What is going on is a complete change in the way LV construction is funded and purchased. For customers they  wait until their sat is almost finished they select and purchase a ride and 3 months later fly. It could save them millions in the "cost of money". For those not familiar with what the term "cost of money" means it is associated with funds from loans or investment that sits idle without any revenue because of the long time between expenditure and revenue generating operation. The longer the period the higher the associated additional costs in interest or expectations of returns on investment (ROI) from the investor. The difference between even 18 months and 3 months is significant, as much as 10% of the cost of the purchased LV flight.
I know it as the "time value of money" but yes the reduction in time scale from 1 1/2 years to maybe a 1/4 of a year, and the interest payments on that money should indeed be significant, even given the fairly low interest rate period we are in at present.
Take Atlas for an example.  In 1966, the U.S. Air Force and NASA launched 47 Atlas missiles or space launch vehicles.  33 were orbital launches.  These were performed from 12 launch pads - 5 pads at the Cape and 7 at VAFB.  All of the Cape pads, and 2 of the West Coast pads, were dedicated to orbital launches.  VAFB SLC 4E (previously Pt. Arguello LC 2-4) was the busiest, handling nine launches, mostly Gambit film return missions (pads tended to be assigned to specific programs back then).
Oh dear, my memory for details.  :(

But OMG 12 pads. 47 Atlas launches a year. The 1960's were just a different world. I think today 14 Atlas launches a year off 2 pads would be viewed as quite hectic.

Quote from: edkyle99
Although quick turnarounds are impressive, what really matters is sustainable launch pace over the long run.  A pad may be able to turn around quickly for one or two launches, but it will periodically have to be taken out of service for a few weeks for more substantial maintenance.  Payload issues and bad weather (hurricane season looms) can affect schedules.  Then there is the Falcon Heavy launch.  LC 39A will screech to a dead stop for weeks while that campaign runs its course.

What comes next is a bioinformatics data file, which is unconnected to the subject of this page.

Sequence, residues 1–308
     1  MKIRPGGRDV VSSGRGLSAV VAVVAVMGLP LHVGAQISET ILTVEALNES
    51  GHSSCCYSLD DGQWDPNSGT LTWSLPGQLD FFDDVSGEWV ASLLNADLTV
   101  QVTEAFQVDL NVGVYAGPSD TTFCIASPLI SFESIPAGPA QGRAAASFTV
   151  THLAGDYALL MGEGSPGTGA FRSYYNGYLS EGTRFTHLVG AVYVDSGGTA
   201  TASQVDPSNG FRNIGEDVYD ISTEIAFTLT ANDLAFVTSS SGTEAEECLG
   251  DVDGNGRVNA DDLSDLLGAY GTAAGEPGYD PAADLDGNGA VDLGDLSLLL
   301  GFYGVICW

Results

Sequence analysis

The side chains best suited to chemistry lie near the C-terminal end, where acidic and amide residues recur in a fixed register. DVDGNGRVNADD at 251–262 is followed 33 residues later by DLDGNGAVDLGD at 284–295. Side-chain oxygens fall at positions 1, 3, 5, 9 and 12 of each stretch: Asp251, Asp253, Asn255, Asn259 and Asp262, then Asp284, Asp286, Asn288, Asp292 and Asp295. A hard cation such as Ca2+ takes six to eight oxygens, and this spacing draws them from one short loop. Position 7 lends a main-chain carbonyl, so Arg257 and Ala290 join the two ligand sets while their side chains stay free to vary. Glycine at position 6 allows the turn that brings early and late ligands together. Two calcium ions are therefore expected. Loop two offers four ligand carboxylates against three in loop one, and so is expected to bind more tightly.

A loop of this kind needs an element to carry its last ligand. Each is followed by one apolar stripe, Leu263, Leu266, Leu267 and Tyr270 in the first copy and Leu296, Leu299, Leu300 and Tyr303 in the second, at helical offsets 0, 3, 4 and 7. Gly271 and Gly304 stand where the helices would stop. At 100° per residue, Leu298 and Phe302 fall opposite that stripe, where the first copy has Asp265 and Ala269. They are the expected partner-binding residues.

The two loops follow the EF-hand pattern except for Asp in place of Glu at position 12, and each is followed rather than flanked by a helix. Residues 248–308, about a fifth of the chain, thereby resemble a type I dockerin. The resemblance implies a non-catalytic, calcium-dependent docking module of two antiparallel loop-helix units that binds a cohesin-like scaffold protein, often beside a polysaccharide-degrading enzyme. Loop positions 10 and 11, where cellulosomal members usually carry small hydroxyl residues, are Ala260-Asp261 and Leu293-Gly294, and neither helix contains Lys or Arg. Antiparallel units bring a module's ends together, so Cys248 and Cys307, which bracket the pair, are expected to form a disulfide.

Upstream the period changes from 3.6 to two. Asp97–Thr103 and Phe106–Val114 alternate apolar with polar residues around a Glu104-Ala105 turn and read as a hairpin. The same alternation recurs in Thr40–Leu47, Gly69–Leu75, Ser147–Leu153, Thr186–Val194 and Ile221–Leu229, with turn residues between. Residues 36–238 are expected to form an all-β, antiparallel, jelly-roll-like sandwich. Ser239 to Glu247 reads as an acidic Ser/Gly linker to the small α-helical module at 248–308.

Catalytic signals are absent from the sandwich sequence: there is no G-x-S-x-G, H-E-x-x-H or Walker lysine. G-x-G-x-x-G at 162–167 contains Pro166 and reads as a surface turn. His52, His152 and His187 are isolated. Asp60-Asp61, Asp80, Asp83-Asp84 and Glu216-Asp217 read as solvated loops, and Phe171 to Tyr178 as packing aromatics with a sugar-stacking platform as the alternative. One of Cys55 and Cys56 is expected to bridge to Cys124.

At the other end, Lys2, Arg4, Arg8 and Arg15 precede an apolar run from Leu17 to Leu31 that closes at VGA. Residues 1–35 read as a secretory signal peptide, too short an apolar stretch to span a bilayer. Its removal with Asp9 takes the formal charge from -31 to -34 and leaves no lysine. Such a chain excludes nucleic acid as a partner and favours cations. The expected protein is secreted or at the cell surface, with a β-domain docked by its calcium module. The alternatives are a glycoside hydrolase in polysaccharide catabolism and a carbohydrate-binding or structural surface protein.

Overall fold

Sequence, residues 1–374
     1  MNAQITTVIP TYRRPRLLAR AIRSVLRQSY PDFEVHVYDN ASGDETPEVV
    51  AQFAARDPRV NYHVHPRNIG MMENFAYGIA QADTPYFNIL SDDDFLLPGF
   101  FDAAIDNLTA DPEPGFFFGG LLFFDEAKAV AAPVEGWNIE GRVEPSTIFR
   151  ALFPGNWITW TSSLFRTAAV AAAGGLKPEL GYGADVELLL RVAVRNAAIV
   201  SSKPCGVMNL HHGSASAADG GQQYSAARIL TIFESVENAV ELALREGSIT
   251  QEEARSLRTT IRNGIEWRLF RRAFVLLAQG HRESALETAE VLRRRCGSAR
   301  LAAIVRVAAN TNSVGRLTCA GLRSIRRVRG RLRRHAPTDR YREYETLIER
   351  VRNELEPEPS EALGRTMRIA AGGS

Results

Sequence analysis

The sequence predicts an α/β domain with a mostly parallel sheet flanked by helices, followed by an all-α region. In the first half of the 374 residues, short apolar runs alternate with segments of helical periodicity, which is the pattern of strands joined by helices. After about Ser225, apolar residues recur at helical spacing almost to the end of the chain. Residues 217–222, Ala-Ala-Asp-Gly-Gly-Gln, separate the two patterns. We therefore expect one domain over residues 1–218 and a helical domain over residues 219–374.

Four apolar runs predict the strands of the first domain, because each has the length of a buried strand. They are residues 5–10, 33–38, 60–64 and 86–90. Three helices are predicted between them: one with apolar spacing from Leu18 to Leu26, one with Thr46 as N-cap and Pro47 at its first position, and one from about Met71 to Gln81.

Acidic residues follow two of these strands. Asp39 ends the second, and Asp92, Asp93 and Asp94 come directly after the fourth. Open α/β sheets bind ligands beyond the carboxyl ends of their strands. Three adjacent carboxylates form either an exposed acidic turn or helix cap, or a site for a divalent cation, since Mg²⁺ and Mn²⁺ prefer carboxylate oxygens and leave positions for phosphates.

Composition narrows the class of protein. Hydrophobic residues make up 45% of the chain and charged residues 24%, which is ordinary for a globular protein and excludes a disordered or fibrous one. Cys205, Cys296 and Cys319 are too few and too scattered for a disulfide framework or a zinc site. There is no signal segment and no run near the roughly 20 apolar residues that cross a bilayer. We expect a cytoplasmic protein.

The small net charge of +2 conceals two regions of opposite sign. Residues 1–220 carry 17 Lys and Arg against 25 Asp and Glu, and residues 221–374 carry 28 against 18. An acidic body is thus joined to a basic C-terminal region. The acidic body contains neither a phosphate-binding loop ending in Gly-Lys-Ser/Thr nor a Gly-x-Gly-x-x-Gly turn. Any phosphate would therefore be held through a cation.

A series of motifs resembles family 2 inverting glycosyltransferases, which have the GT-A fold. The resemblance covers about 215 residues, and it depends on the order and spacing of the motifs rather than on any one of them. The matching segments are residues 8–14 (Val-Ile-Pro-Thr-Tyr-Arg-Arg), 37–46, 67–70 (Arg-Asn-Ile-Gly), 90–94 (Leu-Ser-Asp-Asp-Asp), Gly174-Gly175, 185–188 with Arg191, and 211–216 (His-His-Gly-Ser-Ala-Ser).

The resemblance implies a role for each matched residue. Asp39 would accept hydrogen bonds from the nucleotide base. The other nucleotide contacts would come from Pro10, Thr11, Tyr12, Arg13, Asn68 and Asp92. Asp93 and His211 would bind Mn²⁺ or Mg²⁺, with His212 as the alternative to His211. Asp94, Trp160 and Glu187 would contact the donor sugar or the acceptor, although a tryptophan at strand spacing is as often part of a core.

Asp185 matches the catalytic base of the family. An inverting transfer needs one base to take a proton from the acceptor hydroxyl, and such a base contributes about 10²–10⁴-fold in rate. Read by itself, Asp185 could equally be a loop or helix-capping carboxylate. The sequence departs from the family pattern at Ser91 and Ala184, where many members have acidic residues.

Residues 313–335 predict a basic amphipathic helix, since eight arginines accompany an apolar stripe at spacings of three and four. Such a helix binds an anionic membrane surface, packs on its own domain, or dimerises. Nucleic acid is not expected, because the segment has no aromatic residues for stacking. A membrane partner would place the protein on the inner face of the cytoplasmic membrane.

That's the question. Can SX keep up the pace of 1 launch every 2 weeks off the same pad over a 7 month period? I've no feel for how exhausting the process is.

IDK. Maybe in 2018 we'll look back and wonder what all the fuss was about and why no one thought to run with fewer pads decades ago.  :(
The thing I have in the back of my mind if the economics (easy part) and ancillary issues (big ask) could be reconciled would drive 300 Full-Size ITS Mars-class Payloads at minimum as well as additional ongoing demand.
There is nothing simple about the economics of space launch, let alone transitioning a business built on a fully expendable design to a semi reusable one.  :(
BFS. The worlds first Methane fueled FFORSC engined CFRP structured A380 sized aerospaceplane tail sitter capable of flying in Earth and Mars atmospheres. BFR. The worlds biggest Methane fueled FFORSC engined CFRP structured booster for BFS. First flight to Mars by end of 2022. Forward looking statements. T&C apply. Believe no one. Run your own numbers. So, you are going to Mars to start a better life? Picture it in your mind. Now say what it is out loud.

Offline deruch

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Re: Reusability effect on costs
« Reply #433 on: 05/14/2017 09:23 PM »
If this is happening, SpaceX are managing the transition by keeping prices high for now.
And working on creating their own internal demand that will take up any slack-- the satellite constellation.  I have from the beginning seen that project as a hedge against any shortfall in future launch demand by the rest of the market.  Of course, it has the added benefit of being possibly a larger revenue source than their primary business (assuming it all works out as they hope).
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Offline AC in NC

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Re: Reusability effect on costs
« Reply #434 on: 05/14/2017 10:01 PM »
The thing I have in the back of my mind if the economics (easy part) and ancillary issues (big ask) could be reconciled would drive 300 Full-Size ITS Mars-class Payloads at minimum as well as additional ongoing demand.
There is nothing simple about the economics of space launch, let alone transitioning a business built on a fully expendable design to a semi reusable one.  :(
It's simple when the conjecture is premised on the ITS Architecture and Economics having been proved out.   :o ;D

Offline oldAtlas_Eguy

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Re: Reusability effect on costs
« Reply #435 on: 05/14/2017 10:24 PM »
The first generation "CommX" constellation sats will be deployed by the F9/FH. That is if it is ever deployed in the current scheduled timeframe of initial operation 2020/21 of 800 sats. ITS use for sat deployment would not be a factor till mid 2020's if its development is on track. In time for the deployment of the next generation design sats possibly as much as 10X larger and 20X more capably for 1/4th the cost/sat as the first gen sats. This enables a $/bit price decrease of factor of 40 while doubling the yearly profit from the constellation. Suddenly SpaceX could be the primary backbone of most of the global internet traffic.